Nadal and Djokovic vie for U.S. Open title

Novak Djokovic, left, of Serbia, and Rafael Nadal, of Spain, square off for the 2013 U.S. Open. AP/Darron Cummings/Charles Krupa

NEW YORK It's a rivalry that's produced some unforgettable matches - and now it's one that is set to enter the record books.

When Rafael Nadal and Novak Djokovic square off for the U.S. Open men's title on Monday night, it will be the 37th meeting of their careers - surpassing the previous mark held by John McEnroe and Ivan Lendl for most matches played between two opponents.

Said Nadal of the looming showdown: "When you are involved in these kind of matches, you feel special."

To be sure, the No. 1 ranked Djokovic and the second-seeded Nadal have a long history.

This will be their third meeting in the past four years with the U.S. Open title on the line. Nadal won the first match in 2010 and Djokovic won the rematch in 2011. Both were grueling four-set matches.

"It's always the biggest challenge that you can have in our sport now," Djokovic said of playing Nadal. "I mean, he's the ultimate competitor out there. He's fighting for every ball and he's playing probably the best tennis that he ever played on hard courts."

The mutual respect is a reflection of how evenly matched the Serb and Spaniard have been.

"Novak is a great opponent," said Nadal after winning his semifinal on Saturday. "We already play a lot of important matches for our career, so that makes that confrontation special."

Nadal has won 21 of the 36 prior matches, but Djokovic holds an 11-6 edge on hard courts.

In addition to the split at Flushing Meadows, they've met in the final of each at the other three Grand Slams.

One of those matches became an instant classic: At the 2012 Australian Open, Djokovic grinded out a five-set win over Nadal in a match that lasted nearly six hours, setting a record for a Grand Slam final.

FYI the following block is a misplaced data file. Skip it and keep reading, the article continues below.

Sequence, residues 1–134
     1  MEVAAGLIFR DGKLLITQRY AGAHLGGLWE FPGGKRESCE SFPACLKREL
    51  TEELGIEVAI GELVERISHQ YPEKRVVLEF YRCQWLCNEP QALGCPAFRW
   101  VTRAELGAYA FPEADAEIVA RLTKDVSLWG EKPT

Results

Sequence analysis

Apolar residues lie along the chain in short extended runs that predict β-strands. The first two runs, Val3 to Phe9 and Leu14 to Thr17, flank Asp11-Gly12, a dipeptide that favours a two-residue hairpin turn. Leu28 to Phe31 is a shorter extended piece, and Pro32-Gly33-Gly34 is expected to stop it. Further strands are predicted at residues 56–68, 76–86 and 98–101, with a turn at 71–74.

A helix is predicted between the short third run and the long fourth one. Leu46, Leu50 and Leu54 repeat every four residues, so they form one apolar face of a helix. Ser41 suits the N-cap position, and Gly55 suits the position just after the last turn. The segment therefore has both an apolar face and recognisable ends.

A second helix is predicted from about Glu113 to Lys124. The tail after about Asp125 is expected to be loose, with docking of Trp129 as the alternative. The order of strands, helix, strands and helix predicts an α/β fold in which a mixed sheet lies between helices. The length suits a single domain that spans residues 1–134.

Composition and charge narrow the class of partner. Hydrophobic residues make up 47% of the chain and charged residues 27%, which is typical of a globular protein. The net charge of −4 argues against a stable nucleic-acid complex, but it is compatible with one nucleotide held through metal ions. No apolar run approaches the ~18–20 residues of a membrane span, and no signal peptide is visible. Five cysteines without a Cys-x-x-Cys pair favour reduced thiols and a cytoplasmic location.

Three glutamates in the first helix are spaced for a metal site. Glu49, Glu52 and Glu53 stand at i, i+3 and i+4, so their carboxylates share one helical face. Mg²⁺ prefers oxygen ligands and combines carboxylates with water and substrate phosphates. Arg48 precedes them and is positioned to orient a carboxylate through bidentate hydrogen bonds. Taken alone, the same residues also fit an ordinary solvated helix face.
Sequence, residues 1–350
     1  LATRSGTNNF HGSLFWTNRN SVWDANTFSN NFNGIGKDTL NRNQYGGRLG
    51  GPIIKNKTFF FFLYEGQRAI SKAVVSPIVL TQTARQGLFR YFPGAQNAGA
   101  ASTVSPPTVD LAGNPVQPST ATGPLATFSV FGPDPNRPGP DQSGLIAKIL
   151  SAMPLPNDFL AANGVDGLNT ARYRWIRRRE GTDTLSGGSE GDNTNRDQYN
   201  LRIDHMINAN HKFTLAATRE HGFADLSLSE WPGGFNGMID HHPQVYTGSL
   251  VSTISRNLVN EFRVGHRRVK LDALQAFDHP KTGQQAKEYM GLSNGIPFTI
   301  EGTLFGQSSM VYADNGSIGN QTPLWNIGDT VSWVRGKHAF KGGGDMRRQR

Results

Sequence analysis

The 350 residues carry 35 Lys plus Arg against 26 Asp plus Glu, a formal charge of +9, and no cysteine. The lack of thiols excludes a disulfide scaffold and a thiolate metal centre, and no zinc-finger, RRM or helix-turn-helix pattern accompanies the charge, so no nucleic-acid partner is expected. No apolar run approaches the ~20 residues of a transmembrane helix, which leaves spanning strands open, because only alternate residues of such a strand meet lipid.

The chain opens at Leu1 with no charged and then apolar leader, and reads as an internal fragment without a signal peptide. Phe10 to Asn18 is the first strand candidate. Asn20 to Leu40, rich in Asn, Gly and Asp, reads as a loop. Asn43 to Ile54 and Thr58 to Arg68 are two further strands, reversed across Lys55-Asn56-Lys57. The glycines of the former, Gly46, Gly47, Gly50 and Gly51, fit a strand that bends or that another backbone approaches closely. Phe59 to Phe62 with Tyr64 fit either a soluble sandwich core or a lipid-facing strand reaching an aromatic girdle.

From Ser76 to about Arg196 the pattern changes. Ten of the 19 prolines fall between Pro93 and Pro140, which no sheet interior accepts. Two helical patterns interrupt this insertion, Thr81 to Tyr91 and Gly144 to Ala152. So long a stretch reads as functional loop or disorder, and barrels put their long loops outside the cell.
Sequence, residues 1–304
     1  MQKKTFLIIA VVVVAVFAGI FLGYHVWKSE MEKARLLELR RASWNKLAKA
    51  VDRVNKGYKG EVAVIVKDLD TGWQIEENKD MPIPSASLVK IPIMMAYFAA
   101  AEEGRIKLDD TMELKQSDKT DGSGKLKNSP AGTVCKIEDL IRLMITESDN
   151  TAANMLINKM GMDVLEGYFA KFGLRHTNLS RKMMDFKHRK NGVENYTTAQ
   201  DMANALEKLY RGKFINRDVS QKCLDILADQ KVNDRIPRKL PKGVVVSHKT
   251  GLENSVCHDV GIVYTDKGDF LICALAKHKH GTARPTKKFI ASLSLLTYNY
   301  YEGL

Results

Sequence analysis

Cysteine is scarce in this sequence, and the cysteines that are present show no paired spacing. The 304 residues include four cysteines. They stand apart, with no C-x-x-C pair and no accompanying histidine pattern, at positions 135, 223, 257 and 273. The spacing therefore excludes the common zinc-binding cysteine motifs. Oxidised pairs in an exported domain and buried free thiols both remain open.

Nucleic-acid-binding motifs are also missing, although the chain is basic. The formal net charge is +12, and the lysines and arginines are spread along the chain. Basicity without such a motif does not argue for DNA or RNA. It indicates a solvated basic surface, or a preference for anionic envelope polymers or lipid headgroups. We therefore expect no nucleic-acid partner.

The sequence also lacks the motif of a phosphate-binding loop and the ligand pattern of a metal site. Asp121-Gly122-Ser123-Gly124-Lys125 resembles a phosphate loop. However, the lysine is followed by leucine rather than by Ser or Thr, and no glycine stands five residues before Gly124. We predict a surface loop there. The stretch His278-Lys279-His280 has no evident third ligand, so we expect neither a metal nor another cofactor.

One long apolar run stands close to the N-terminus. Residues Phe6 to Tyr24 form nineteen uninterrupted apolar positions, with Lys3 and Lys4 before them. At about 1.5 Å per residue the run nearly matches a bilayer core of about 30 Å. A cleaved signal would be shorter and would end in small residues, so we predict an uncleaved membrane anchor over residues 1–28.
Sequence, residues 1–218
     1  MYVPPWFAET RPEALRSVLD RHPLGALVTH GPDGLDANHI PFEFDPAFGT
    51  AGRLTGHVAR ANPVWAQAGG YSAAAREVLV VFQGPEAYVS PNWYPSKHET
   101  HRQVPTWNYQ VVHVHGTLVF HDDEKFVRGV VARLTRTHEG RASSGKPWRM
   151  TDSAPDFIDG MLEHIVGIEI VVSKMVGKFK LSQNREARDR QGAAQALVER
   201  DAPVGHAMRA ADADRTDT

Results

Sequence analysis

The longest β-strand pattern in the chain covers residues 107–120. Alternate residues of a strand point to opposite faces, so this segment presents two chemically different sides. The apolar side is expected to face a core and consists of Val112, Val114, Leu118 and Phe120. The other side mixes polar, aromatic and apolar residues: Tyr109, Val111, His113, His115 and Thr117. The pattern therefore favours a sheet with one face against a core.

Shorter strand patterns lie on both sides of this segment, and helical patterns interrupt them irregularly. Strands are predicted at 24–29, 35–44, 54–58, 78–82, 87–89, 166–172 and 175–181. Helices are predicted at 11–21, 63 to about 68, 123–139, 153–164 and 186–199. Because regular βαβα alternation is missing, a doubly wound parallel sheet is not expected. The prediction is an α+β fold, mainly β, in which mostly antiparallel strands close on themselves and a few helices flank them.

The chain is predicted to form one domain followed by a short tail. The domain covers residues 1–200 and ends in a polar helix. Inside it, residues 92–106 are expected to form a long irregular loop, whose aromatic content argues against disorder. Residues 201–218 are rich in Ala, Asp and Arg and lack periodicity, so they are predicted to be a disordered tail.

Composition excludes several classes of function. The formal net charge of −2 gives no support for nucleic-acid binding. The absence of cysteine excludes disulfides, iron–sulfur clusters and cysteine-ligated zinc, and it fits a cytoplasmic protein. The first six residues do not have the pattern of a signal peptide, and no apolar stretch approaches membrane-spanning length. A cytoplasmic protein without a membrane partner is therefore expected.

But Nadal would have his revenge later that year at the French Open, winning a four-set match that lasted two days because of rain.

This year has been no different. Both players are at the top of their game, having each claimed one major in 2013 (Djokovic won the Australian Open and Nadal won the French).

So who holds the edge tonight at Arthur Ashe Stadium? The hard court would seem to favor Djokovic - the Serb has the most wins on tour this year on the surface (31). However, Nadal's 2013 record on hard courts? A perfect 21-0.

Nadal, who is a year older than Djokovic, holds one major statistical advantage over his rival. The Spaniard has claimed 12 Grand Slam titles to Djokovic's six. A win for Nadal would bring him one close to Roger Federer's 17 grand slams; a win for Djokovic would tie him with John McEnroe and Mats Wilander on the all-time slam list.

Also possibly on the line is the year-end No 1 ranking. After sitting out the second half of 2012 with an injury, Nadal has been racking up points with unparalleled ferocity. Although there are still many tournaments to be played this year, conventional wisdom is that Djokovic must hold off Nadal today to improve on his own points as a finalist last year - and to keep Nadal at bay.

"Rafa is I think in a better position right now for that (year-end) ranking," Djokovic said on Saturday, adding: "I'm fighting for it. I mean, you know, I need to play well and I need to win tournaments in order to finish No. 1. I'm aware of that."

And of course there's the unofficial bragging rights. Whoever wins today will have won two of the four tennis Grand Slams in 2013. Many players say they would rather accumulate Grand Slams than have the No. 1 numerical ranking.

"Grand Slams always take the best out of every tennis player in the world, because these are the tournaments where all the attention is directed from the world of sport," said Djokovic. "These are the tournaments that are most valuable in our sport."

  • Stephen Smith

    Stephen Smith is a senior editor for